Limited Edition BoneBox Reveal: Red Fox
The red fox (Vulpes vulpes) is a synanthropic or “edge” species, meaning they live near and directly benefit from human-altered environments. These foxes are solitary hunters and are highly adaptable to suburban environments. Places like farms, yards with large gardens, and garbage dumps provide an ideal living situation for red foxes, giving ample cover and protection with easy access to food.
What is an “edge” species?
Red foxes prefer to live in an ecotone, the border between two habitat types. An ecotone offers a vast amount of resources that allow animals to thrive within that environment. Grassland between a forest and a desert is a great example of this. Humans have created induced ecotones (think the boundaries of a city) that mimic a natural ecotone environment. Abundant with resources, suburban environments attract many an opportunistic animal. While foxes may sneak into human environments to hunt for food and occasionally to seek shelter, they prefer to den in a more natural setting further away from human developments. Even still, with our ever-growing cities and business development growth, human-fox encounters are steadily increasing.
Food Availability and the Birth Rate Connection
One of the most important things to remember if you are to encounter a wild red fox is…DO NOT feed it. Similar to feeding an urban coyote , feeding a wild fox teaches it to rely on humans as a food source and can have disastrous consequences. Feeding a wild animal, especially by hand, will increase the chances of being bitten by that animal, and of possibly contracting a deadly disease like rabies.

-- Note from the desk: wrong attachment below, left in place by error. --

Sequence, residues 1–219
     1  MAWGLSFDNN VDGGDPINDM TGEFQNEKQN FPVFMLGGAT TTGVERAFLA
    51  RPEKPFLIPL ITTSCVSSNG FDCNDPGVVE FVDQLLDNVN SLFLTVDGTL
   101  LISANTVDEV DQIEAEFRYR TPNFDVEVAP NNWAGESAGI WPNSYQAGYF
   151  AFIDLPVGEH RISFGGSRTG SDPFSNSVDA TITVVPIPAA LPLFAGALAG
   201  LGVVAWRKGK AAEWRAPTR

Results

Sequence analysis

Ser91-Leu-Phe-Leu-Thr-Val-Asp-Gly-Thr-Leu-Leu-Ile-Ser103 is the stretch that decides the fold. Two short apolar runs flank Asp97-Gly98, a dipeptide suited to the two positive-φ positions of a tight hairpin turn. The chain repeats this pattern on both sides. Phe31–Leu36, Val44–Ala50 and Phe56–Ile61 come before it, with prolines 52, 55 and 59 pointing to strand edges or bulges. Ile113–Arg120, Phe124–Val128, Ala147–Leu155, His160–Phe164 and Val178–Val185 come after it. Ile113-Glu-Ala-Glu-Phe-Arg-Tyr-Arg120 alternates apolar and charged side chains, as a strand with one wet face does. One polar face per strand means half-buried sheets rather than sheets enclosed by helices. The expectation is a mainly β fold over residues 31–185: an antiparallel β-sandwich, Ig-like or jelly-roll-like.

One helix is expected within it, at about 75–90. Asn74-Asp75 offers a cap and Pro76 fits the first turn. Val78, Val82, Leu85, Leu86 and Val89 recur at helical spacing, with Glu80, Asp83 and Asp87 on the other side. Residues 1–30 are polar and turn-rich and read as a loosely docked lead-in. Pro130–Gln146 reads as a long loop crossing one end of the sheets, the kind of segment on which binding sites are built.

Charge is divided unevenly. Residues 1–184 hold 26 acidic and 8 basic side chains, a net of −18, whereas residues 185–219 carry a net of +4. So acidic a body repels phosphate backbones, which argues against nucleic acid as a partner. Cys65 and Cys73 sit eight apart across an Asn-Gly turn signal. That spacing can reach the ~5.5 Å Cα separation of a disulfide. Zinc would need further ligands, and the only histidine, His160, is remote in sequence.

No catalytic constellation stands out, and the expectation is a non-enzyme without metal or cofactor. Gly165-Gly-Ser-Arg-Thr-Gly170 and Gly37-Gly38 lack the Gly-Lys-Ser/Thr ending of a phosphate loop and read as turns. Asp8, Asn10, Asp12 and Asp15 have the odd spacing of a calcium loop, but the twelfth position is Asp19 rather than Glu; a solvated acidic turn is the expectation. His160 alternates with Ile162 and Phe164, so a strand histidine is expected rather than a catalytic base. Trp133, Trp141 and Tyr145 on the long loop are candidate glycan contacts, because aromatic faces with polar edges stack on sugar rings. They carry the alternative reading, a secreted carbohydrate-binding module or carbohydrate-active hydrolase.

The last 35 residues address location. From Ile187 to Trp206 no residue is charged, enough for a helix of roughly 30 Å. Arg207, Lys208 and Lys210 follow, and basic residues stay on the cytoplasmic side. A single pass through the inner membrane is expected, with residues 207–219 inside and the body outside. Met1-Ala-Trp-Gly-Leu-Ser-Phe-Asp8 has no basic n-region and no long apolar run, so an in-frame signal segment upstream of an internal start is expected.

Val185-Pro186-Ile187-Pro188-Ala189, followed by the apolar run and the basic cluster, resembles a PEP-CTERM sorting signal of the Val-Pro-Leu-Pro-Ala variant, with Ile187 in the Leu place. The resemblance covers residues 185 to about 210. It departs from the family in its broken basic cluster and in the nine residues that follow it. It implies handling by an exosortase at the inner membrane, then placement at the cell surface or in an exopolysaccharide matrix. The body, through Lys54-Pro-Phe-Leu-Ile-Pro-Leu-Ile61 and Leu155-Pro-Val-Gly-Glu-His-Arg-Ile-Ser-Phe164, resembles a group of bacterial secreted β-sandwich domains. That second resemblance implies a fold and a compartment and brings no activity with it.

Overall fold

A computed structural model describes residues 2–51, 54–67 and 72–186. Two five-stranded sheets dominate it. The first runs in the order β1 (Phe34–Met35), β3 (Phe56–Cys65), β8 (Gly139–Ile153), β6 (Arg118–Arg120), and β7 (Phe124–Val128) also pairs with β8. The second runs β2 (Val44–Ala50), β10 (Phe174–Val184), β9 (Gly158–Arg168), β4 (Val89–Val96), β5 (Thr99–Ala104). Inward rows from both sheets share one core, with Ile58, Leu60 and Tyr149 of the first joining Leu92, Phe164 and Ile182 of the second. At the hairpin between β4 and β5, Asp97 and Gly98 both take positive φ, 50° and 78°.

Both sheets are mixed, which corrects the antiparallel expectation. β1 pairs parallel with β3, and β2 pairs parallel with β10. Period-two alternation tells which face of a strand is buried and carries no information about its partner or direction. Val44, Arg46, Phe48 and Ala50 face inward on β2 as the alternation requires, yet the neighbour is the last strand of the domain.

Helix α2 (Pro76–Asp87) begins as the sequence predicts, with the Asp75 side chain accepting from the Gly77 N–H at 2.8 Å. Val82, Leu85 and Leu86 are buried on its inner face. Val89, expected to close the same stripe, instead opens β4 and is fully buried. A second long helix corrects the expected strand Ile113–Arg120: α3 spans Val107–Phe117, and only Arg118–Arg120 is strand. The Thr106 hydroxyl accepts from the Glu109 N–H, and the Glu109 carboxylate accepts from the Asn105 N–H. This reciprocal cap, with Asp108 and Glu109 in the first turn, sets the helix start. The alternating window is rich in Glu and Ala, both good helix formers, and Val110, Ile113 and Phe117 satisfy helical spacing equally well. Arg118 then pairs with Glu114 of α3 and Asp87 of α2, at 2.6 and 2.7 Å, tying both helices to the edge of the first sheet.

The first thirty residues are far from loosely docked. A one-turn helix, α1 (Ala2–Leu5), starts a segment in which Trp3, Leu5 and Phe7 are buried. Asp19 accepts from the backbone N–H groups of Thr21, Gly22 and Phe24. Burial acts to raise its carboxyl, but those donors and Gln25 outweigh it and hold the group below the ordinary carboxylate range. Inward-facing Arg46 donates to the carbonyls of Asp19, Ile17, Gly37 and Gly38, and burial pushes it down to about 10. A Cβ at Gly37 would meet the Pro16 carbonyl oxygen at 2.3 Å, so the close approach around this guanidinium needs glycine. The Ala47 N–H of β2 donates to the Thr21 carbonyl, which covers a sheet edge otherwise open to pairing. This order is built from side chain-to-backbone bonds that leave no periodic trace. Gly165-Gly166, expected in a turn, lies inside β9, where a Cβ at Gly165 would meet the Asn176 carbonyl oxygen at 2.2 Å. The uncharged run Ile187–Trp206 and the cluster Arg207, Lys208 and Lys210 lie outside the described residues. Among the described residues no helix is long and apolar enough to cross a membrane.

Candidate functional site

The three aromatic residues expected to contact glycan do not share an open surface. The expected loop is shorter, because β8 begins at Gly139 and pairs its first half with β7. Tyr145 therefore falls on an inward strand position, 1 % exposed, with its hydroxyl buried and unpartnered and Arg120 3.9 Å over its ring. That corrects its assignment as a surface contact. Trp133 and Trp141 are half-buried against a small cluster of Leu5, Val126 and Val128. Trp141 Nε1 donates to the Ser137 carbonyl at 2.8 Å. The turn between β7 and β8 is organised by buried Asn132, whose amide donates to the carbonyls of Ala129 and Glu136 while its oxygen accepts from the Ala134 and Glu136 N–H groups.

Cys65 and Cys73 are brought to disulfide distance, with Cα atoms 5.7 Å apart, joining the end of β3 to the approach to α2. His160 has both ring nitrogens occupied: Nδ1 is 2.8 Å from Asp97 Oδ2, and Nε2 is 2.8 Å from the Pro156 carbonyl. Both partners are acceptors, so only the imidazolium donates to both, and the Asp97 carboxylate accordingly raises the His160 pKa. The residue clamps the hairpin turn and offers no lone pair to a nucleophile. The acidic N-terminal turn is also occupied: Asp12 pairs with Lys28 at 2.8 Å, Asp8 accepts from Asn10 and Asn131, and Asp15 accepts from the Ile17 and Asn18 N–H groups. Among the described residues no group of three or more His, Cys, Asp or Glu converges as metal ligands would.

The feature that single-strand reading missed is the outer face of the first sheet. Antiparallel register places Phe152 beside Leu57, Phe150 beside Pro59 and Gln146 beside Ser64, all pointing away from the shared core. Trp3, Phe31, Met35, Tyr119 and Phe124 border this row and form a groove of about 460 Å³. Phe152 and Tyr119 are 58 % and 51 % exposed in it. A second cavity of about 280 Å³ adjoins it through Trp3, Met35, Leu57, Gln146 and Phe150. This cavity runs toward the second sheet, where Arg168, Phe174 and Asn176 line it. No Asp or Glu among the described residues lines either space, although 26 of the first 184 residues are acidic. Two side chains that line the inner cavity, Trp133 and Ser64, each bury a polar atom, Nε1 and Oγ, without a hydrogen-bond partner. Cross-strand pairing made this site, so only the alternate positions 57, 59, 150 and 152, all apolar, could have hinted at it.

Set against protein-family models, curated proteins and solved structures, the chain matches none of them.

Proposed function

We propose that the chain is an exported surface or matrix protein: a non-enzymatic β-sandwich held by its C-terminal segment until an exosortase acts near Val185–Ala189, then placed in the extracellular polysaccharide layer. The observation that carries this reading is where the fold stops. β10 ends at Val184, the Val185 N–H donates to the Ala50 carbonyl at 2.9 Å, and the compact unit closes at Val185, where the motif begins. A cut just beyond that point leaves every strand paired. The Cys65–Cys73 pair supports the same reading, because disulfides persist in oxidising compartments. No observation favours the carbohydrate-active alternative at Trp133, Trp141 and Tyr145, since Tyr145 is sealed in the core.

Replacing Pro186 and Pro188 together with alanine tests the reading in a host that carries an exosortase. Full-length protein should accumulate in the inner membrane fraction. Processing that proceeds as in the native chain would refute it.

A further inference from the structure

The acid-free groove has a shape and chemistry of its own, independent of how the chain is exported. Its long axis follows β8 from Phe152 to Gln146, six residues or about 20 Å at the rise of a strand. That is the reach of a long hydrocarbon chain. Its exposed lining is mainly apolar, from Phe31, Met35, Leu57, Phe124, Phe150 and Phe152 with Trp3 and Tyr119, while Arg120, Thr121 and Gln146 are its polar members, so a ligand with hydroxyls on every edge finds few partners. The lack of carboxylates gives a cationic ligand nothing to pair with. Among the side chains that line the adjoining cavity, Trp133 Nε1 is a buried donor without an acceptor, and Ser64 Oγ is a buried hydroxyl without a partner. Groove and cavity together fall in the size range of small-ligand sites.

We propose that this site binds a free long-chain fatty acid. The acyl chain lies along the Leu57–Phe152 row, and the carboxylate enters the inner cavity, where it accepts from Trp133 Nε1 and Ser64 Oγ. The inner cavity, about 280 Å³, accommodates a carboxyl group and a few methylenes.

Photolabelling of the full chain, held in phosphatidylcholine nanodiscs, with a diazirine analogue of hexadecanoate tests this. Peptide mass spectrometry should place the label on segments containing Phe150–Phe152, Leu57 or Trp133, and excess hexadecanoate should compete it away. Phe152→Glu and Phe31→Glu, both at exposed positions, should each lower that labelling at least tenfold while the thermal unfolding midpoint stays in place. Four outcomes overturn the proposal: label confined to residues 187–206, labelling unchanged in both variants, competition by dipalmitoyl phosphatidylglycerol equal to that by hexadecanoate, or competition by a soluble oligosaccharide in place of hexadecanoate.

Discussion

Additionally, the fertility and birth rates of red foxes are based on food availability within their habitat. When food sources are abundant, foxes will give birth to more kits per litter. Feeding the animals directly, leaving garbage uncovered or leftover food unattended outside creates an artificial food supply, leading to a false sense of security for the animals. Once the feeding ceases or tourist season ends in that area, heightened competition for remaining resources is likely to occur. This can lead to starvation, higher susceptibility to injuries, and worst-case scenario: death in higher numbers. It is simply irresponsible to feed any wild animal, no matter how adorable they may be. The humane approach with a population of wild animals is simple: Do not interfere. It’s always best to let nature take its course!